Jorg Nysgerrig
June 12, 2006, 01:38 AM
I would make a great soldier if I chose to be one because my parents have showed me great discipline over my lifetime so far.

After reading your profile, I have to wonder exactly what kind of "great discipline" resulted in you being an unmarried parent living at home at the tender age of 16.

I would think that one would be more concerned about how you're going to deal with being a father than what some people on an internet messageboard thought about your choice to not join the military.

In the end, not many of us here are concerned whether you join the military or not. You've got a tough path ahead of you, there's no need to invent worries about how a bunch of strangers perceive a decision they weren't aware you had made.

Good luck out there.

ETA: But, your spelling errors aside, I have to admit you write more coherently than most teenagers, so you've got that going for you. :)

warriorsociologist
June 12, 2006, 01:39 AM
Thanks Hoploholic for saying what I failed to articulate.

Len
June 12, 2006, 01:54 AM
I don't know you, Maser, nor anything about you. You say you're "charismatic," and glad your uncle helps your "ego." I'll take you at your word.

As I read your post, I only wondered why you set up the "straw man." In other words, you post, and then preface by stating which responses you want to hear, and which you don't.

First, I come from a background of having been drafted once, several years after ETS, reenlisting. No one who has served would ever "pressure" you to join. Neither do your peers have any right to judge or pressure you regarding your decision. It's not for everyone. But, and I hope no one takes this the wrong way, it is never a "given" that anyone can be a good soldier, sailor, marine, coastie! The average civilian thinks that anyone can do it! Not true.

Some people are cut out for it, some aren't. It has no bearing on a man's worth in and of itself. Some men and women are better servants of the republic as civilians. But for those who served, they, in part, helped bestow on you your "right" to choose your life's path.

Hats off to your uncle for showing you some of the ropes...but you'll never know if you could have been a good soldier unless you were one. And you'll never understand the bond that soldiers have experienced, as so nicely stated Shakespeare:

From this day to the ending of the world,
But we in it shall be remembered-
We few, we happy few, we band of brothers;
For he to-day that sheds his blood with me
Shall be my brother; be he ne'er so vile,
This day shall gentle his condition;

As those who have served will always be "different" due to the experience, those who did not choose the military will also be "different." There's nothing good or bad about that...it just is.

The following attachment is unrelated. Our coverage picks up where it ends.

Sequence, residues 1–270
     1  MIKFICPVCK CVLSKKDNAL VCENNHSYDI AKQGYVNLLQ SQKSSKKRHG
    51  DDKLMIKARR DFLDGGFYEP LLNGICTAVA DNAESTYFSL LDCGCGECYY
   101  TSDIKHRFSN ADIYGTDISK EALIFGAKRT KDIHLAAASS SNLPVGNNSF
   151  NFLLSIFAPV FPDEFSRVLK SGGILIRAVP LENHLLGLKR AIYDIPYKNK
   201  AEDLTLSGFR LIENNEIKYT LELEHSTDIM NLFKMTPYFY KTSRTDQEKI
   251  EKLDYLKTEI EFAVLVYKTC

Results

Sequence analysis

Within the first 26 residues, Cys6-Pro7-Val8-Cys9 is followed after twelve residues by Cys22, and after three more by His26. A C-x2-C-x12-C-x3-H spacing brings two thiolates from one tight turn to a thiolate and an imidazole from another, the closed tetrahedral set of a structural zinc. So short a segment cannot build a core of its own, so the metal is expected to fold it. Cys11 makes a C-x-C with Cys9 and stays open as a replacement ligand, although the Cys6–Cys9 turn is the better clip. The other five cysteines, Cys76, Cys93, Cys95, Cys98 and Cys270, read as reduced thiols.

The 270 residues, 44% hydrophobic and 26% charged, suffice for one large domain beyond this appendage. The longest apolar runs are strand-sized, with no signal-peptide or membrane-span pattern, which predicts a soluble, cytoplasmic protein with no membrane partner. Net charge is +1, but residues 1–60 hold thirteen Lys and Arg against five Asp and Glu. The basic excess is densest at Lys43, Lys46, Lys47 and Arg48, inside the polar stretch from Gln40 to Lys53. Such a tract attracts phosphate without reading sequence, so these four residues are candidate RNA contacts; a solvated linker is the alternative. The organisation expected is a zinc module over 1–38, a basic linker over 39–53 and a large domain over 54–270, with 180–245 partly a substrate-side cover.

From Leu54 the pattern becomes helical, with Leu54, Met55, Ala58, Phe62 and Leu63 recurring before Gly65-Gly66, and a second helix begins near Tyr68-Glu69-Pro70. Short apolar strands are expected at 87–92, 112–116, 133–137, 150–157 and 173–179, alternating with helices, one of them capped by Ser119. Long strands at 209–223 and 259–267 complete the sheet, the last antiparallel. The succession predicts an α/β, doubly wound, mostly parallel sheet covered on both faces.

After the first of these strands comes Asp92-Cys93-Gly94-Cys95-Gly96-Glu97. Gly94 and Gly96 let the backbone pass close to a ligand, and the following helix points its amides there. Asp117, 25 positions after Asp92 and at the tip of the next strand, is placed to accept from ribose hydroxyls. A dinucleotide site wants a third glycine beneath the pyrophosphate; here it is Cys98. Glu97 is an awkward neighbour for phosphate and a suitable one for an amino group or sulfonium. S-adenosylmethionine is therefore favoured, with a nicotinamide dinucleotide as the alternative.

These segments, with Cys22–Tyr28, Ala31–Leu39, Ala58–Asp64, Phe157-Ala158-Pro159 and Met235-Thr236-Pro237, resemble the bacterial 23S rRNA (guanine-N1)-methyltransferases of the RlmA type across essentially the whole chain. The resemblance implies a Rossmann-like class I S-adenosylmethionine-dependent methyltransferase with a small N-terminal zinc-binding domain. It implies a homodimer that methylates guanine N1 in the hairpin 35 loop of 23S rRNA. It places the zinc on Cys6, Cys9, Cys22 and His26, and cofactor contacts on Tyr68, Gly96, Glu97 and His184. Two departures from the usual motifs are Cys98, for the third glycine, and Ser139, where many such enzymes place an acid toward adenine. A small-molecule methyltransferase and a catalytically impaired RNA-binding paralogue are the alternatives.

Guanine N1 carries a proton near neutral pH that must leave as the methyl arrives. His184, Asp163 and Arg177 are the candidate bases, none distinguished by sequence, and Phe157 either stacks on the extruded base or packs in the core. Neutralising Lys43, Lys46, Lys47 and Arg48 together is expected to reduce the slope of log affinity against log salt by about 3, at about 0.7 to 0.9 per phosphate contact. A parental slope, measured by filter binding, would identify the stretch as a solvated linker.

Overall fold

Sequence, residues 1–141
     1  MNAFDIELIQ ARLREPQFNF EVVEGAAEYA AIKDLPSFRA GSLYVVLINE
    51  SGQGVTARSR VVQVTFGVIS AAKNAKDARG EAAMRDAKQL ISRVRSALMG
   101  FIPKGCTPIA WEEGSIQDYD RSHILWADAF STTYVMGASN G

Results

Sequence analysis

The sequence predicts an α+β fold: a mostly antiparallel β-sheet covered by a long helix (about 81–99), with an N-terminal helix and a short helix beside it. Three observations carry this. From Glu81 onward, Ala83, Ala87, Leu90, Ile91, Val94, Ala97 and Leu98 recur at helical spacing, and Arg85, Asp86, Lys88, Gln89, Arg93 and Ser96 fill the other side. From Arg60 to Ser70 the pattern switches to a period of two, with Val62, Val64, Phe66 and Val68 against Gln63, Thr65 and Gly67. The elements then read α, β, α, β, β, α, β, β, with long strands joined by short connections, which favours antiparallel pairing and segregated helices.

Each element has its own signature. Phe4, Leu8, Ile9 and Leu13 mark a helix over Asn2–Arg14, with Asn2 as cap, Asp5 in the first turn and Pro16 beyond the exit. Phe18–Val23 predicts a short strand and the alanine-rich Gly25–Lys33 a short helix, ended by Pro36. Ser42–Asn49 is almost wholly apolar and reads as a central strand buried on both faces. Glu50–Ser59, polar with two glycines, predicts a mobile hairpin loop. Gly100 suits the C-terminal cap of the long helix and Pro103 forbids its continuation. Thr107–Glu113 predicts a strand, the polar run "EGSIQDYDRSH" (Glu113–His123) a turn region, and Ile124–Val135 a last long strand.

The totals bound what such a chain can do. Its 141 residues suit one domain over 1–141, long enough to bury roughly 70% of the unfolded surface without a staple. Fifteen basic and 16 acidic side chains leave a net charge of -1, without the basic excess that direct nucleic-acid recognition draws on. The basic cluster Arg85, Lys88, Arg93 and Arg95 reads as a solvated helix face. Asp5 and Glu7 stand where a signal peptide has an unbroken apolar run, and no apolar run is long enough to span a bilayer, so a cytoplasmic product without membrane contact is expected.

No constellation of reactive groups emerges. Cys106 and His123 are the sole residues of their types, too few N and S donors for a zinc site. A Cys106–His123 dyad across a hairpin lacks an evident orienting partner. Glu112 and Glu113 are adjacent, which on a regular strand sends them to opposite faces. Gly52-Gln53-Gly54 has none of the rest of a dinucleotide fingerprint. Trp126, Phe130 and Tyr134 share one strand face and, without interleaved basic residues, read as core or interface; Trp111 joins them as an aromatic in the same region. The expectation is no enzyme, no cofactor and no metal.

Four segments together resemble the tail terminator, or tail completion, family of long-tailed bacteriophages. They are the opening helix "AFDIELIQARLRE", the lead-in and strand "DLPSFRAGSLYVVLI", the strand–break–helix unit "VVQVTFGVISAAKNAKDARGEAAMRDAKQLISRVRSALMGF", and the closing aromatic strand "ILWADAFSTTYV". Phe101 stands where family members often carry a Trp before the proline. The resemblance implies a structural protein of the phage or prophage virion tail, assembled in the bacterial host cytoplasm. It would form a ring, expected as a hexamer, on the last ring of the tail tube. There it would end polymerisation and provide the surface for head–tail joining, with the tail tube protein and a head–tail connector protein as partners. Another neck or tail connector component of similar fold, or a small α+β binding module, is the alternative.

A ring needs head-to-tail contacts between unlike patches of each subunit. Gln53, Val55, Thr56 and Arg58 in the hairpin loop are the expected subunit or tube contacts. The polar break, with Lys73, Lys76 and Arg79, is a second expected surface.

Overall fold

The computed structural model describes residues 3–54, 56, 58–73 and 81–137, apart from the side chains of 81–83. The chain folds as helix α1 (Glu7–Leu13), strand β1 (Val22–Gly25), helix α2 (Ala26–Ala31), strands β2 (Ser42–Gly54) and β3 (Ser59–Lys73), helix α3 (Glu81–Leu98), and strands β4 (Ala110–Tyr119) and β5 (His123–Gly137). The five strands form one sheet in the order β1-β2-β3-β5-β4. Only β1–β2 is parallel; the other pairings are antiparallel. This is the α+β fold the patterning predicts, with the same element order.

Harry Paget Flashman
June 12, 2006, 01:58 AM
My question is that how come anyone who has served in the military feels like anyone else who has just turned 18 has to also.

I enlisted in 1965 during the draft and served 26 years. Most of the people I know who served both before and after the military became an all-volunteer force like it better as a volunteer force. It someone doesn't want to serve it's their own private business. No hard feelings here.

No regrets either. Belonging to the largest fraternity in the U.S. is a great feeling.

Rezin
June 12, 2006, 02:02 AM
Since you generalized, so will I.


I find, that on the whole, military folks have more "virtures" like discipline, fortitude, bearing and the like, while civillians tend to be....different.

The military guys are strong. They can handle things when they are not roses and puppies, and still get the job done (I don't even mean physical jobs either) and this really shines in civillian life when things get rough........

My business partner is the perfect example. He has no self control, no discipline to put his p[ersonal feelings aside and get the job done. A Marine, for example will just get done what needs to be done......


Given the choice, I'd hire a vet over a civillian any day... Given the choice, a vet gets my business over the non-vet.


And thanks to vets, I AM given that choice........

Pilgrim
June 12, 2006, 02:09 AM
I have had a number of people come up to me and say, "I wish I had gone into the service when I had the chance." Their reasons are varied, but it seems a number of them feel they somehow came up short when it came to repaying the country for the freedoms and opportunities they have enjoyed throughout their life.

Sgt Stevo
June 12, 2006, 02:25 AM
After my last tour in OEF, I was hurt and I was put in a recruiters office on ADME.

I hated it. I had to explain to kids why they should join. I loved spending my adult life in the Army.